Having ridden the first waves of the Covid-19 pandemic, many of us thought 2021/22 would be better. But, once again, it proved a very challenging year from a humanitarian perspective. Fuelled by the impact of the pandemic, climate change and conflicts in every region of the world, needs continued to grow. In February, the Russian invasion of Ukraine caused mass displacement and triggered startling increases in food prices worldwide – impacting the most vulnerable hardest.
Working to respond to evolving needs and priorities, we made solid progress on many important CVA issues. In this report, we tell the story of how CALP’s work is making a difference and focus in on some of the many developments that took place during the year.
Whilst the humanitarian system is complex and known for being resistant to change, there is progress in some areas. After years of inaction, we saw movement on the thorny issue of cash coordination. This issue touches on mandates, power and organisational interests, making it highly political. But through our collective efforts, this year the needle started to shift. Much as there is progress, much remains to be done and we will not be satisfied until there is a more predictable, accountable and effective approach to this foundational issue.
The progress on cash coordination demonstrates the power of collective action. There are many other examples of collective efforts in this report, with new CVA communities of practice and working groups exploring issues from the environment to locally-led response. There are also examples of how we convened agencies to share learning on issues such as working in contexts of high inflation and depreciation, examining good practices on health and CVA and much more. But as knowledge and understanding related to using CVA deepens, we still need to be better at listening to communities in crisis to ensure that learning and practice is truly informed by their needs and priorities.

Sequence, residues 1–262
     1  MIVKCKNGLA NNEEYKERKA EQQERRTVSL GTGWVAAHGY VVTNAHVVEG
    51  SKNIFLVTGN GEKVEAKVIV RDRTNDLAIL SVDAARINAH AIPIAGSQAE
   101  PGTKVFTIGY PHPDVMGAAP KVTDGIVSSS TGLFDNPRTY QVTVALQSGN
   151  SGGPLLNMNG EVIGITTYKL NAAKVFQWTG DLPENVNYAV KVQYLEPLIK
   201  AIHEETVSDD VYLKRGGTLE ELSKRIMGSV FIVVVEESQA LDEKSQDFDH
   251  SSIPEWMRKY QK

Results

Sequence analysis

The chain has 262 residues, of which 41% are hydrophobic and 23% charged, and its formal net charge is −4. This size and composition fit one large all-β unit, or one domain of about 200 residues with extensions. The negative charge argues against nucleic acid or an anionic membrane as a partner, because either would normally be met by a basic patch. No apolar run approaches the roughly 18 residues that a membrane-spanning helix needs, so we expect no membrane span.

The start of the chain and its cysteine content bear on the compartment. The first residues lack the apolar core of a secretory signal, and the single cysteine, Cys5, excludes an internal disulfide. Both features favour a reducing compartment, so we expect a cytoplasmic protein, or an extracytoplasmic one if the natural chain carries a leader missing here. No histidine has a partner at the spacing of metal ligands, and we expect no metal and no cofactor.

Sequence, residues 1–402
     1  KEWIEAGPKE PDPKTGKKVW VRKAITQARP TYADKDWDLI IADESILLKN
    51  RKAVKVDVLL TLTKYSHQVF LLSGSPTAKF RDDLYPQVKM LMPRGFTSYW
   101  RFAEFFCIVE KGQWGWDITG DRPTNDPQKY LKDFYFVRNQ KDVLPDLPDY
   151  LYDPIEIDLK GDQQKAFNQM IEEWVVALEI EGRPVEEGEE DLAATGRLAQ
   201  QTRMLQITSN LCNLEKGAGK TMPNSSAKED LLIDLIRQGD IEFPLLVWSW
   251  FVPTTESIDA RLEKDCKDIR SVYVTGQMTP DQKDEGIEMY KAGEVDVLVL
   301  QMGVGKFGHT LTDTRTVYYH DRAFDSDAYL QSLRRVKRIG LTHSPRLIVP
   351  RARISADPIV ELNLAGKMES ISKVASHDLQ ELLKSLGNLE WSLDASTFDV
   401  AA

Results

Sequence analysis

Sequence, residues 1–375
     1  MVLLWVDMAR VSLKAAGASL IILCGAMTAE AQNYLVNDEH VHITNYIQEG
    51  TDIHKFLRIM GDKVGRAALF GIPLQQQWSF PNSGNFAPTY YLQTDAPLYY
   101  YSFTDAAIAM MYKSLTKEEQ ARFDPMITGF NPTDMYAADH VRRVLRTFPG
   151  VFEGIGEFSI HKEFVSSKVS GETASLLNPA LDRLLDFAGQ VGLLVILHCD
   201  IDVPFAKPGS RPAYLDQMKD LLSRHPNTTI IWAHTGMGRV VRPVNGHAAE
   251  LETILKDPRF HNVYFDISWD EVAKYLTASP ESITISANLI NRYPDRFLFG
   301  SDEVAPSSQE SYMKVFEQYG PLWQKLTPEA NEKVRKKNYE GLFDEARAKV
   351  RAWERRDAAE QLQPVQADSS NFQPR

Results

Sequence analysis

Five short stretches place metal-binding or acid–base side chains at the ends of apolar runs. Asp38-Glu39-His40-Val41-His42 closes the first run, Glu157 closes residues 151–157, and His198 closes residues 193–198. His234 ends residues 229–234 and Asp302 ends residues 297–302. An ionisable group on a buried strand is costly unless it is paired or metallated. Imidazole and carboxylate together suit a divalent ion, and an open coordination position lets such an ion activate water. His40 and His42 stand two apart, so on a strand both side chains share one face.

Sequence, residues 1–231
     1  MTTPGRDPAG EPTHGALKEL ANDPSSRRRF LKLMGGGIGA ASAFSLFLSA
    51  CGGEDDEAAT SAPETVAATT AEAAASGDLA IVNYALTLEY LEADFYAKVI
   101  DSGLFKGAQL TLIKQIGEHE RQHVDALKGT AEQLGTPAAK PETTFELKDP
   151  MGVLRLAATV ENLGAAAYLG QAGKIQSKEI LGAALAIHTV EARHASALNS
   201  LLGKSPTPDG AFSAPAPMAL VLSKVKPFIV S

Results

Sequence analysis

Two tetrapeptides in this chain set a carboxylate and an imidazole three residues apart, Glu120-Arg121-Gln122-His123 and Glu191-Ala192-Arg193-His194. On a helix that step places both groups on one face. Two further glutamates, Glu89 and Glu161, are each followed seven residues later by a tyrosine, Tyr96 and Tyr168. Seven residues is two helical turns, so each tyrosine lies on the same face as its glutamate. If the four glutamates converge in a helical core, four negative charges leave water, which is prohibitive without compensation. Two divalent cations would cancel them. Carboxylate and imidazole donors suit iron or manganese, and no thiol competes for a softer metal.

We continued our commitment to ensure CALP’s core training courses remain the ‘gold standard’, with course materials updated with the latest best practice. We also launched a new version of our Core Programmes course, taking it online with a combination of self-directed and facilitated learning – and then we were challenged with overwhelming demand. We translated this course, and many other new and existing resources, determined to extend our work in Arabic, French and Spanish.
Members continued to provide the anchor for the Network. With over 90 Members and a much wider network of organisations and individuals, we benefit from diverse skills, experiences and thinking. Reflecting on this, we changed our name to show more accurately who we are – the CALP Network.
Our pride in the year’s achievements is balanced with looking ahead to what remains to be done. While the global outlook is uncertain on many fronts, what is certain is that we can work together to make humanitarian action more effective. So, let’s move together to deliver on CALP’s vision: a future where people are enabled to overcome crisis with dignity, by exercising choice and their right to self-determination.